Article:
Real estate investment trusts ("FIBRAs") are structured financing vehicles that-by means of the contribution (whether direct or indirect) of a certain real estate portfolio to the corresponding trust estate and their subsequent issuance and offering of real estate trust certificates ("CBFIs") in the Mexican stock market-are used to raise funds for investing in (i) real estate development, commercialization or management; (ii) companies that carry out such investments; (iii) securities or rights of any kind over such real estate assets; or (iv) a combination of any of the foregoing.

FIBRAs emerged at the end of 2003 as a result of tax law amendments to attract investment in large-scale real estate projects. As a result, FIBRAs became an attractive asset class especially for those investors (e.g., retail investors or institutional investors such as Afores, insurance companies and surety companies) who wanted to diversify their investments safely and securely. Additionally, investment returns related to FIBRAs are easily predicted given that FIBRAs are engaged in the acquisition or development of real estate assets for subsequent leasing purposes, which makes investment returns fixed or even increased by the revaluation of the underlying assets of the issuing trust of the CBFIs.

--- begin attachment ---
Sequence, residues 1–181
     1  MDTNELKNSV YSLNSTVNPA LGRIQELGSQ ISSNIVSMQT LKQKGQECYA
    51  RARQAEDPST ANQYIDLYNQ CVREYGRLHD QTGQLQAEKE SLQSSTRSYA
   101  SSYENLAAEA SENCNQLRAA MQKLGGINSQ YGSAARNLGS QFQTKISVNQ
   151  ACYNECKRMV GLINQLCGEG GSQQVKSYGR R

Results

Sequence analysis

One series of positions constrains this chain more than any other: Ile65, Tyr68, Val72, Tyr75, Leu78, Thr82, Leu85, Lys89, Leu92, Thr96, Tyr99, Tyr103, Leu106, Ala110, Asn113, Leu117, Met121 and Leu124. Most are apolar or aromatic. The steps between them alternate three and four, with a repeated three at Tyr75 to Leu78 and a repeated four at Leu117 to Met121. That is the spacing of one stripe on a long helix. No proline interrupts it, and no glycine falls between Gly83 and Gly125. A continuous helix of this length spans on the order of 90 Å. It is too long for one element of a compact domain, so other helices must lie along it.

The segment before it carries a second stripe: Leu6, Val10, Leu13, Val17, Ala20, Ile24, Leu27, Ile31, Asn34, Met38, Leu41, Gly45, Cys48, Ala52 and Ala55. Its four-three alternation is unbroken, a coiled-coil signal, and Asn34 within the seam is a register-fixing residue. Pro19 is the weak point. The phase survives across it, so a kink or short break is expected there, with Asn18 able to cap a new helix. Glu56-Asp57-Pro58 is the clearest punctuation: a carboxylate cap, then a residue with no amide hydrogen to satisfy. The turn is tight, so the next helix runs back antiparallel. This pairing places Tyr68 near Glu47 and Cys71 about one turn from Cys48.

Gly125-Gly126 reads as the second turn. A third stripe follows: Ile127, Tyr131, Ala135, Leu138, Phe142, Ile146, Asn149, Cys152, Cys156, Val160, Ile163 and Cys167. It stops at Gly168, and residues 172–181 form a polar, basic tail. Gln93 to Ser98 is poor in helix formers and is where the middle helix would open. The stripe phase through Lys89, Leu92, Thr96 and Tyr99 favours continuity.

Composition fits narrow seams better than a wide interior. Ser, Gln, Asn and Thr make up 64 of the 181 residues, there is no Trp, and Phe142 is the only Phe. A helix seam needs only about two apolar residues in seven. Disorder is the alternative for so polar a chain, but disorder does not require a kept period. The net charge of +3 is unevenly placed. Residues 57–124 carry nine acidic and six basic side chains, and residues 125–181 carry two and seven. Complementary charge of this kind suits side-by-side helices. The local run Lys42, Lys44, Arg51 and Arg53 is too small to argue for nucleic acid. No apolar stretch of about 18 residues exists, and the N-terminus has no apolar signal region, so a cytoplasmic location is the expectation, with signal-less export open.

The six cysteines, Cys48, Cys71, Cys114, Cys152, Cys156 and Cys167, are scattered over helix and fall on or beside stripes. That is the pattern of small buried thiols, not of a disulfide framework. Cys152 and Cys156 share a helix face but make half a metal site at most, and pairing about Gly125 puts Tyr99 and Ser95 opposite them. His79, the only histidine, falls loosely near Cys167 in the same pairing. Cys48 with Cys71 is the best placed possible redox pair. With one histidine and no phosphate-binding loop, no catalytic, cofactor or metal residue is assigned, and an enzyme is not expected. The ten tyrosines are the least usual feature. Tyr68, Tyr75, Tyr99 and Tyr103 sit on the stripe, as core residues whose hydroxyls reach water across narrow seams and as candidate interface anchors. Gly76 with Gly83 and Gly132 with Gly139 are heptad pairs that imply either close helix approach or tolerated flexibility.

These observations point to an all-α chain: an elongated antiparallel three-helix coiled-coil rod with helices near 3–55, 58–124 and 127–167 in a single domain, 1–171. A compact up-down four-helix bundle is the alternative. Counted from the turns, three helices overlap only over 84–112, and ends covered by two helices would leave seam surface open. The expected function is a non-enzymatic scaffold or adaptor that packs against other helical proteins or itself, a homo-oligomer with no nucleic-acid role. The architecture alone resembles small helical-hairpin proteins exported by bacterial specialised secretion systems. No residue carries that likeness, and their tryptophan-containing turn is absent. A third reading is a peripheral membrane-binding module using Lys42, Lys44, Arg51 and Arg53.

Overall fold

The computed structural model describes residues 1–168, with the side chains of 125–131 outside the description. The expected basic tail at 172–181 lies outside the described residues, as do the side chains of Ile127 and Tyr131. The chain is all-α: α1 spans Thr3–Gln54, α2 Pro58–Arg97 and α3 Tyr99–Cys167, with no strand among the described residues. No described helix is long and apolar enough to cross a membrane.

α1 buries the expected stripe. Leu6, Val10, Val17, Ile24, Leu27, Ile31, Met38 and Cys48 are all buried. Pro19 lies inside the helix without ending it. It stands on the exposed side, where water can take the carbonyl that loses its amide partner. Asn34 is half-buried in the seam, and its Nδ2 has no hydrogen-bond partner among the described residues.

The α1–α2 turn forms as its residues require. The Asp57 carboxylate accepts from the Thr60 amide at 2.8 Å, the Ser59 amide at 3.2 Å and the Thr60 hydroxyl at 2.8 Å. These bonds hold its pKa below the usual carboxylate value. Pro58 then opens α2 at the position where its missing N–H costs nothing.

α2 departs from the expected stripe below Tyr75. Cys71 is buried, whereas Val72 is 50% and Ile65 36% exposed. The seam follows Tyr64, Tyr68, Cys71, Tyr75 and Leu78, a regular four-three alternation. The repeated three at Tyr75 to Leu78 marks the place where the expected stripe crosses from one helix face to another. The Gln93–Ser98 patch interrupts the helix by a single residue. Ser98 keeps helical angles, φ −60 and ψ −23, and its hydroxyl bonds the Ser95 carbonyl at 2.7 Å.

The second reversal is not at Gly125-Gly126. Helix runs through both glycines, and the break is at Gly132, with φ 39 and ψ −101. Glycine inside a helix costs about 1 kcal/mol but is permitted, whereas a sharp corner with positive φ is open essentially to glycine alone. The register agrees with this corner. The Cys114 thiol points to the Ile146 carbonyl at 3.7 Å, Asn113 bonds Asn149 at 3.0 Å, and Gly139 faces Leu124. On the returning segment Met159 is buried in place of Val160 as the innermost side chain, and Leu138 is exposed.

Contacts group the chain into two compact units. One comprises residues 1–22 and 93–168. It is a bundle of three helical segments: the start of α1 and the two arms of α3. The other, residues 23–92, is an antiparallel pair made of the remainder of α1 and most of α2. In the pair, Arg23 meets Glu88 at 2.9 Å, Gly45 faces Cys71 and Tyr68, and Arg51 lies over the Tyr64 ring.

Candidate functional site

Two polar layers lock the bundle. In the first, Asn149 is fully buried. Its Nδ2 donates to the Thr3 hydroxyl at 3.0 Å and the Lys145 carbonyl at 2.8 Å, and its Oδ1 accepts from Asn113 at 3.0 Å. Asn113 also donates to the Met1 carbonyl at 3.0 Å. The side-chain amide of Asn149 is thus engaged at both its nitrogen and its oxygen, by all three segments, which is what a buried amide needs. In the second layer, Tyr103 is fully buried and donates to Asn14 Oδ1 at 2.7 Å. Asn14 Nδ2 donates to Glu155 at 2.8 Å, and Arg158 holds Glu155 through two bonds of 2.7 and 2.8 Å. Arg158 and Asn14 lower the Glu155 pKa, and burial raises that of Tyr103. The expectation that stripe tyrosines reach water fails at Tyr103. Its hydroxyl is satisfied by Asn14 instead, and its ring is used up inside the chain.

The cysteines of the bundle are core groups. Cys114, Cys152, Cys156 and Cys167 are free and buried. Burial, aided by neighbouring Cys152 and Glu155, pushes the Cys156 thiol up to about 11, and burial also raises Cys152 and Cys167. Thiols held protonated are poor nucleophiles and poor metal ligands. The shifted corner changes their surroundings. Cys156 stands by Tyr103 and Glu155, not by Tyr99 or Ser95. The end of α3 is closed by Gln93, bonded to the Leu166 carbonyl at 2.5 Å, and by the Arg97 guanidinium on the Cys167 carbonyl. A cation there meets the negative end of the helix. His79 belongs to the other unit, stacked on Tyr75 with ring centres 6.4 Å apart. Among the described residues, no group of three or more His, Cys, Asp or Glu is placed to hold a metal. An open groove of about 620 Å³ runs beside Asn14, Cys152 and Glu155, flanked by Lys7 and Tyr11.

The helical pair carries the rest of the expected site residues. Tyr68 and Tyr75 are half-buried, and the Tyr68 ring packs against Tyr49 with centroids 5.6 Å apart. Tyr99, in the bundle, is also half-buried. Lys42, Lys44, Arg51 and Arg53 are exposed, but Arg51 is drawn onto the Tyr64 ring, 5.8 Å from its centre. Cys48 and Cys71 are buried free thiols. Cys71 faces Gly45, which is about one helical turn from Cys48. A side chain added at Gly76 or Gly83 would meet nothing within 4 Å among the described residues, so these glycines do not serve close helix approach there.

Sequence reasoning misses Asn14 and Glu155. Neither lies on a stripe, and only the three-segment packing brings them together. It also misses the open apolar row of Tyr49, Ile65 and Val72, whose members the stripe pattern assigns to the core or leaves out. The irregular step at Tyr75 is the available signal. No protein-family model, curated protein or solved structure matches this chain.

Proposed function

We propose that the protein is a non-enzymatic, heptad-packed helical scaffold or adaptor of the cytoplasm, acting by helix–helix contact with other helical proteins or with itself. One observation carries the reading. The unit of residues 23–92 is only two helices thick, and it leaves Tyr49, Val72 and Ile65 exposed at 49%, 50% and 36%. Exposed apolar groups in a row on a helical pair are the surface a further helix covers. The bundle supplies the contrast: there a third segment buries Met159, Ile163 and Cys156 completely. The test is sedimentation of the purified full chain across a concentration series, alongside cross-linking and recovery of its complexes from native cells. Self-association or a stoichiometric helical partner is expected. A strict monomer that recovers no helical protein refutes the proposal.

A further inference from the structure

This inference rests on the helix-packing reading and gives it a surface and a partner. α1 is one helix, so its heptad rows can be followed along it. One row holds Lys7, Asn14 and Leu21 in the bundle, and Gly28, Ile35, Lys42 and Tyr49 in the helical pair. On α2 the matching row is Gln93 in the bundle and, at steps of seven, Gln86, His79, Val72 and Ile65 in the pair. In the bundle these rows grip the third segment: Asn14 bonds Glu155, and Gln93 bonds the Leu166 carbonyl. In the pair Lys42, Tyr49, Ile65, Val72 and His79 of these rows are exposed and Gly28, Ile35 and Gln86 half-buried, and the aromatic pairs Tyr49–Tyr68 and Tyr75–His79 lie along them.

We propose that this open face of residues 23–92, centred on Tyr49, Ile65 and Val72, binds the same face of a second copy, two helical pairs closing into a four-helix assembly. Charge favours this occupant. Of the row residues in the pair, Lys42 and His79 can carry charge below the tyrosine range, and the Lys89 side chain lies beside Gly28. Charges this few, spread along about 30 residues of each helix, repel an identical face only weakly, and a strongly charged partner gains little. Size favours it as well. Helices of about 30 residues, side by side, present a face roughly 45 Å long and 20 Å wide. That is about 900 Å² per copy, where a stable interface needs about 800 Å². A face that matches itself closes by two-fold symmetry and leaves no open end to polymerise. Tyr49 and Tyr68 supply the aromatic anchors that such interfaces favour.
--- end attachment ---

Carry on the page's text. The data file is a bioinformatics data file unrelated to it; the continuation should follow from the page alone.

FIBRAs became popular in the stock market as an alternative to traditional investment schemes. Moreover, FIBRAs offer several benefits (especially regarding taxation) both for the settlor that transfers the real estate to the equity trust and for the CBFI holders. Benefits include:

  • FIBRAs offer a way to diversify investment portfolios and consequently reduce risk.
  • FIBRAs are obligated to allocate to investors (i.e., CBFI holders) 95% of the taxable income (resultado fiscal), at least on a yearly basis, and to keep at least 70% of the trusts' assets invested in real estate assets that comply with local legal and regulatory provisions.
  • FIBRAs' taxable basis (base gravable) consists only of taxable profits (contrary to what would apply to traditional companies, where the gross profit is the taxable basis for income tax purposes). Therefore, the distributable cash available to the CBFI holders is higher considering that the amount has not been taxed prior to such allocation.
  • The withholding rate for cash flow distributions (dividends) made by FIBRAs to foreign investors is equivalent to the traditional corporate withholding rate, with certain exceptions.
  • Capital profits derived from the price increase of the CBFIs are exempt from income tax provided that the CBFIs are sold through an authorized stock exchange in Mexico.
  • FIBRAs offer direct exposure to assets that are historically developed to increase their value over time (capital gains).
  • CBFIs are governed by securities issuance regulations and have a high standard of corporate governance.

FIBRA typical structure1



1 It is not necessary for the FIBRA Manager to be an entity external to the vehicle itself. In recent issuances of CBFIs carried out by a FIBRA, some structures with an "internalized" Manager have been adopted, which has additional benefits and challenges.

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